As the COVID-19 pandemic continues to rage across the globe, it is not just human beings that have been ensnared within the clutches of the SARS-CoV-2 virus. Several species of wild, as well as domestic animals have been discovered to have the disease. Now, a new study states that three species are the most vulnerable to the virus other than humans—Ferrets, Cats and Civets.
According to researchers from the Centre for Genomic Regulation (CRG), dogs rounded off the list of animals that were found to be most susceptible to the virus. The findings also elucidated why certain species are adversely affected while some such as ducks, rats, pigs and chickens have remained largely unharmed by the pathogen.
"Knowing which animals are susceptible to SARS-CoV-2 helps us prevent building up animal reservoirs from which the coronavirus can re-emerge at a later date," said Dr. Luis Serrano, senior author of the study, in a statement.
How Does SARS-CoV-2 Infect Cells?
Spikes are hook-like protein structures that are found on the surface of the SARS-CoV-2 virus. These structures aid the virus in infecting cells, especially lung cells. ACE2 (Angiotensin-converting enzyme 2), an enzyme present on the cell membranes of cells in the intestines, lungs, kidneys, arteries, kidneys and heart, is targeted by the spike protein.
The infection of cells commences when the spike protein tethers to the ACE2 cell receptors through a lock-and-key mechanism. With the progression of the infection, the process of catalyzation is enabled. This promotes the release of the novel coronavirus' genetic material into the attacked cell. There are different varieties of ACE2 in human beings and other species of animals.
Probing Vulnerability of Different Species
For the study, the authors examined ten species. The first five included humans, cats, civets, dogs, and ferrets—all of which have had confirmed cases of the infection. Chickens, ducks, mice, pigs, and rats—species in which no cases of COVID-19 have been reported—were the other five categories of animals examined.
Using a computer model, the scientist tested the manner in which the SARS-CoV-2 virus utilizes its spike protein to invade the cells of various animals, by targeting the ACE2 receptors in them. The highest binding affinity to the spike protein was found in the variants of the ACE2 receptor in human beings. This was followed by those in ferrets, cats, dogs and civets. However, mice, rats, chickens and ducks were found to have the poorest binding ability.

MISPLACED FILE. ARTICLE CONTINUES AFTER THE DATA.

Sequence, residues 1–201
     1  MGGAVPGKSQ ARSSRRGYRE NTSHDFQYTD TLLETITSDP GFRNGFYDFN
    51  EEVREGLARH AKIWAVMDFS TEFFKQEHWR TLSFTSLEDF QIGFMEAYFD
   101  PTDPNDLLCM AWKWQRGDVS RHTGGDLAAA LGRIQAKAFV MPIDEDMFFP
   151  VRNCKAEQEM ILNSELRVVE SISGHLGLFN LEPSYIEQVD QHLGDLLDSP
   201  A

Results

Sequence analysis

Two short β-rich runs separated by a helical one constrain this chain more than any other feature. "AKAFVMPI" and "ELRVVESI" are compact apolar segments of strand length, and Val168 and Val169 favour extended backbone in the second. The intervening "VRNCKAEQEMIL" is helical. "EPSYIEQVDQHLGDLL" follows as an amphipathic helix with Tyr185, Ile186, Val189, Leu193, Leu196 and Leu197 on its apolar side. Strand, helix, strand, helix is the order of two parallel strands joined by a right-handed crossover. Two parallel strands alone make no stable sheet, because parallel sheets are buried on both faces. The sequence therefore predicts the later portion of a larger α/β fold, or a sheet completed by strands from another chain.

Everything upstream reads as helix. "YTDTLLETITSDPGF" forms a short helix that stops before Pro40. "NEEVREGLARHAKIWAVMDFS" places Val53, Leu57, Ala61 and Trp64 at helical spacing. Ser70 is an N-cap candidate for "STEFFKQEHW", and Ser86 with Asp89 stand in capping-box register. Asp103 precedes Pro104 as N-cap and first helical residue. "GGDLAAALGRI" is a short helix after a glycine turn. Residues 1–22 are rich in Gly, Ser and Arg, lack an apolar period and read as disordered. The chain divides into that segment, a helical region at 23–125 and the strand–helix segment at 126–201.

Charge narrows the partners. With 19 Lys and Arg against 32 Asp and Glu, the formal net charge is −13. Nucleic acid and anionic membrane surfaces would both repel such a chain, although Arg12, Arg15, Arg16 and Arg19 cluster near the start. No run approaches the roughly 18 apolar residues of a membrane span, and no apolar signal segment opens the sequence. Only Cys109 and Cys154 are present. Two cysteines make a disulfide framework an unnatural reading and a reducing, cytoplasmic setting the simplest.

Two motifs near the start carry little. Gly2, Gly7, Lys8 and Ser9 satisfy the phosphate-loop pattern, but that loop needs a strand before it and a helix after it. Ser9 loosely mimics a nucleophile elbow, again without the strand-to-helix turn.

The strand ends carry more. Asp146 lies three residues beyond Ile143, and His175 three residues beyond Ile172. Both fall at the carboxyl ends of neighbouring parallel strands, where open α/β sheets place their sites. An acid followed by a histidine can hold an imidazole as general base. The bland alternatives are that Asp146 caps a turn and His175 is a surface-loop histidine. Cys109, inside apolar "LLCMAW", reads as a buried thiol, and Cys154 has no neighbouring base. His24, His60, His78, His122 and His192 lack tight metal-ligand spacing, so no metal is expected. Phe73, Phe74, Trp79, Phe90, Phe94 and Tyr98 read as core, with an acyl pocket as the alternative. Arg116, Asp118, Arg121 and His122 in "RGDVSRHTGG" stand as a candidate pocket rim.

Most Susceptible Animals
Nevertheless, binding affinity, by itself, is not sufficient to determine a cell's predisposition to the infection. The authors examined the codon adaptation index (CAI) of the different species. CAI is used to evaluate the efficacy with which a pathogen (in this case, the SARS-CoV-2 virus) seizes control of a cell's machinery after infecting it. The higher the efficiency of the process, the better the novel coronavirus can generate the proteins it requires to replicate.
The highest CAI was found in humans, chickens and ducks. However, the CAI of other species were ill-adapted. Therefore, taking both codon adaptation index and binding affinity into consideration, the team concluded that human beings, succeeded by ferrets, cats, civets, and dogs, were the most vulnerable animals to the coronavirus infection.
Stressing upon the relationship between the susceptibility of different animals and contact with human beings, Dr. Serrano said, "Our findings offer a clue for why minks - which are closely related to the ferret - are being infected by the disease, which is probably made worse by their packed living conditions and close contact with human workers."
He continued: "Though we also find a potential susceptibility to infection by cats, they don't co-exist with humans in the same conditions as other animals, which may explain why so far there are no known cases of people being infected by their pets.
Attempting to 'Distract' the Virus
The authors also learnt that different kinds of ACE2 in humans exhibited significant variations in their stability and binding with the spike protein. This could be a factor behind the manifestation of adverse symptoms of COVID-19 in some individuals. "We have identified mutations on the S-protein that dramatically reduces the capacity of SARS-CoV-2 to enter into the cell, protecting the host from catching COVID-19," stated Javier Delgado, first author of the study.
Delgado also revealed that the team is now designing 'mini-proteins' from human ACE2 enzymes to 'distract' the virus from gaining entry into cells and prevent infection. "Should new mutations of the viral spike protein arise, we could engineer new variants to block them," he added.
COVID-19: A Pan-Species Problem?
The current paper adds to the expanding wealth of research that has sought to glean the susceptibility of different animals to SAR-CoV-2 and the impact of their interaction with humans. A study led by led by researchers from University College London (UCL) demonstrated using large modeling that 26 species of mammals that are come in contact with human beings may be highly susceptible to COVID-19.
A perspective article published in the journal Mammal Review also warned that wild animals are at a high risk of being infected with COVID-19 by humans. It also emphasized that the spread of the virus to wildlife can turn the pandemic into a pan-species problem.
Therefore, knowledge about the vulnerabilities of different species can advise better public health measures. It can also help restrict the interaction between humans and other susceptible species, thereby, preventing the prolonging of the pandemic.